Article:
Former Missouri Sen. John Danforth has lost his way.
Upset by the withdrawal from the Missouri Senate race of his handpicked spoiler candidate, John Wood, Danforth published an angry op-ed in the St. Louis Dispatch, complete with a large color photo of the Jan. 6 protest.
The 85-year-old Ralston Purina heir charged “radicals” Eric Schmitt, who is the Republican Senate nominee, and former President Trump with spreading the “big lie” about the 2020 election. Danforth took particular offense at Trump’s assertion that “the election was rigged against him.”
Let us put aside for a moment the issue of voter fraud and focus on the word “rigged.” The rigging, in fact, began with Joe Biden’s entry into the presidential race on April 25, 2019.
Biden began his campaign announcement with two words: “Charlottesville, Virginia.” He continued, “[Trump] said there were ‘some very fine people on both sides.’ With those words, the president of the United States assigned a moral equivalence between those spreading hate and those with the courage to stand against it.”
Trump did no such thing. Biden launched his campaign on a smear designed to incite racial division. His people knew they were falsely defaming Trump. They also knew they could get away with it.
The major media and Big Tech had already chosen sides. They would hold Biden and his family to no known standards.
For his part, Danforth insisted that the 2020 election was “free and fair.” He also insisted that “Trump called Ku Klux Klan and neo-Nazi protesters in Charlottesville “good people.”
Danforth did not even get Trump’s quote right. Trump said, “fine people.” Worse, Danforth did not allow himself the wiggle room Biden had. He put words in the president’s mouth.
If Trump had nothing better to do, he would have excellent grounds for a defamation suit.
“The Republican Party I believe in stands for civil rights for all Americans,” wrote Danforth in his op-ed. “The party he took over let him get away with it.”
The party Trump took over “let him get away with it” because he never called the Ku Klux Klan and neo-Nazi protesters in Charlottesville “good people.”
Before smearing Trump and his supporters, it would have profited Danforth to review the actual facts of what has come to be called the “Charlottesville hoax.”
On Tuesday, August 15, 2017, at Trump tower, Trump took questions about the incident from predictably hostile reporters.
When pressed as to why he didn’t condemn the groups involved more specifically on the day of the event, Trump replied, “When I make a statement, I like to be correct. I want the facts. This event just happened. In fact, a lot of the event didn’t even happen yet, as we were speaking.”
Treated by the media more rudely than any president in modern history, Trump did his best to explain himself. “I’ve condemned neo-Nazis. I’ve condemned many different groups. But not all of those people were neo-Nazis, believe me. Not all of those people were white supremacists, by any stretch.”
Later in the press conference, he added fatefully, “You have some very bad people in that group. But you also had people that were very fine people, on both sides.” He explained that many of the people there were protesting the removal of the Robert E. Lee statue.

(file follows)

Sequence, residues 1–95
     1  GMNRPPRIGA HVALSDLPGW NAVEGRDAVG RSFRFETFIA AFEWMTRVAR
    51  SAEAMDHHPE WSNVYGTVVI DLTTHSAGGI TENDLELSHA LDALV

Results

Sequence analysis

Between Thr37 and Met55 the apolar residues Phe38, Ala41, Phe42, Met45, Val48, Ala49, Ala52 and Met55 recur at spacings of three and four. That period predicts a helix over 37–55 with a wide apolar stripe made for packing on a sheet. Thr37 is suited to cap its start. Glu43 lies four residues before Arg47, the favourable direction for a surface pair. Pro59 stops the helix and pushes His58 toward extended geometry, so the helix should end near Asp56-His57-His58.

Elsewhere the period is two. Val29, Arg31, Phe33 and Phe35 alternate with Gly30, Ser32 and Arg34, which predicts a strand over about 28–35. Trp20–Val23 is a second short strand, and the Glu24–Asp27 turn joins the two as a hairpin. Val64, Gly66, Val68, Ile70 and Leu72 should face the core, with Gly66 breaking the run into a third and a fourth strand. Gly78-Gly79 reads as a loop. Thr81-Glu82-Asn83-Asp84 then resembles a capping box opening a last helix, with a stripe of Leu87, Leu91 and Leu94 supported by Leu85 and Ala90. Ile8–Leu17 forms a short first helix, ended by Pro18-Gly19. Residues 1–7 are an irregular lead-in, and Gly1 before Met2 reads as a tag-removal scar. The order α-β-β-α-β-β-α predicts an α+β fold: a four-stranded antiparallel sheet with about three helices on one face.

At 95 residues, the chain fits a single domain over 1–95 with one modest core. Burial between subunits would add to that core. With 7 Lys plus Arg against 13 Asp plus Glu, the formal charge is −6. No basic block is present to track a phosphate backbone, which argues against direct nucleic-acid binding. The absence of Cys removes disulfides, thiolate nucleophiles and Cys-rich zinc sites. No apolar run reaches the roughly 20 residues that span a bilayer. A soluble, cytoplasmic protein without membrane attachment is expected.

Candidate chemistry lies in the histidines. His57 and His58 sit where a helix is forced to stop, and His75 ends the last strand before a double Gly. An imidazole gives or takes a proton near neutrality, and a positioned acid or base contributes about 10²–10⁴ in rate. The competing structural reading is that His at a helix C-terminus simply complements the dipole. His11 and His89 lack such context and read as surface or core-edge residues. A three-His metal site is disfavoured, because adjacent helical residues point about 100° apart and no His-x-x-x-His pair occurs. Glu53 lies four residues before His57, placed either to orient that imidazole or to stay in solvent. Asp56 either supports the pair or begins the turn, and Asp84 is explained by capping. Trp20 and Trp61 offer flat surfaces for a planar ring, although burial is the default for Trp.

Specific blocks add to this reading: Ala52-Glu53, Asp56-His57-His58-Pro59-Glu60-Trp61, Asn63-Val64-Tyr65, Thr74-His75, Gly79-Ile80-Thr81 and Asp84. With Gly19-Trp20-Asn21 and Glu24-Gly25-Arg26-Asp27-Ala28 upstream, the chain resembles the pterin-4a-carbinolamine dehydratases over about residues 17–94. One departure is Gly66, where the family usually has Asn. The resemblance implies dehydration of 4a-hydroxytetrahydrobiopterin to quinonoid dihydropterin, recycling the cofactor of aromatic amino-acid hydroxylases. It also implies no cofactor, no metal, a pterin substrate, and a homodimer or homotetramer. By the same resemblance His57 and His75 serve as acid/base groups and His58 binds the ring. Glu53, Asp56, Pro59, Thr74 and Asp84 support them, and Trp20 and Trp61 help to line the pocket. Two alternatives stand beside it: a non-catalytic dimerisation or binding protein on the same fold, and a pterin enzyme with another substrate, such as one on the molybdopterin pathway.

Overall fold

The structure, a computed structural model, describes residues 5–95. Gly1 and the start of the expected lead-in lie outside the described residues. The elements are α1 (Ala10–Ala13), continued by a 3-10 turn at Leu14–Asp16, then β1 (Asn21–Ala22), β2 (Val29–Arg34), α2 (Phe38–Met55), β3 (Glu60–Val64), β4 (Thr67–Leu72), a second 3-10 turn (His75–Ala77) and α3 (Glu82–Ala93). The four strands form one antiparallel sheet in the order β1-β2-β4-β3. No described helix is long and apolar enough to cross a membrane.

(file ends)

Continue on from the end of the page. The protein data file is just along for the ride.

When the discussion turned to George Washington, Trump made a prescient comment “He was a major slave owner,” Trump said of Washington. “Now, are we going to take down his statue?”
In fact, Washington’s was one of the hundreds of statues toppled in 2020’s homegrown cultural revolution.
Trump continued in words no honest person could possibly misinterpret.
“And you had people, and I’m not talking about the neo-Nazis and the white nationalists, because they should be condemned totally. But you had many people in that group other than neo-Nazis and white nationalists.”
The fairness of the election will be debated for the next century, but there is no debate about what Trump said in regard to Charlottesville. The self-righteous Danforth felt no need to get his facts straight before defaming not only Trump, but also the millions who voted for him.
In his effort to paint Trump as a racist unworthy of Lincoln’s GOP, Danforth deceived his audience a second time. Said Danforth, “Trump banned Muslims from entering America.”
Trump’s original executive order banned residents of select countries on the terror watch list. In January 2017, the Pew Research Center estimated that Some 88% of the world’s Muslims were not on that list.
Danforth is bitter. John Wood, I suspect, had come to see that he was little more than a pawn in Danforth’s campaign to spite Trump. Running as an independent, Wood had no chance of beating Schmitt or of even coming close.
As to Danforth, the once-respected senator has become a shill for the Democratic Party. For the four years of Trump’s presidency, he watched silently as the media, the intelligence agencies, Big Tech and Democratic leadership worked to “rig” the 2020 election against Trump, the so-called “illegitimate” president who supposedly owed his victory to Putin.
This smear campaign severely damaged Trump’s re-election bid. If Danforth said a word in Trump’s defense during those years or challenged the process that was, as he might say, “a direct attack on democracy,” I sure couldn’t find it.
If Danforth said a word about the coordinated suppression of the Hunter Biden laptop story three weeks before the election by the media, social media giants, the FBI and the intelligence community, I could find nothing about that, either.
As I explained to Wood in a chance encounter I had with him, he and Danforth were helping to turn America into a banana republic.
Upon hearing last week that Meta CEO Mark Zuckerberg suppressed the Hunter Biden laptop story on Facebook at the behest of the FBI, I had to wonder whether the turn had already occurred.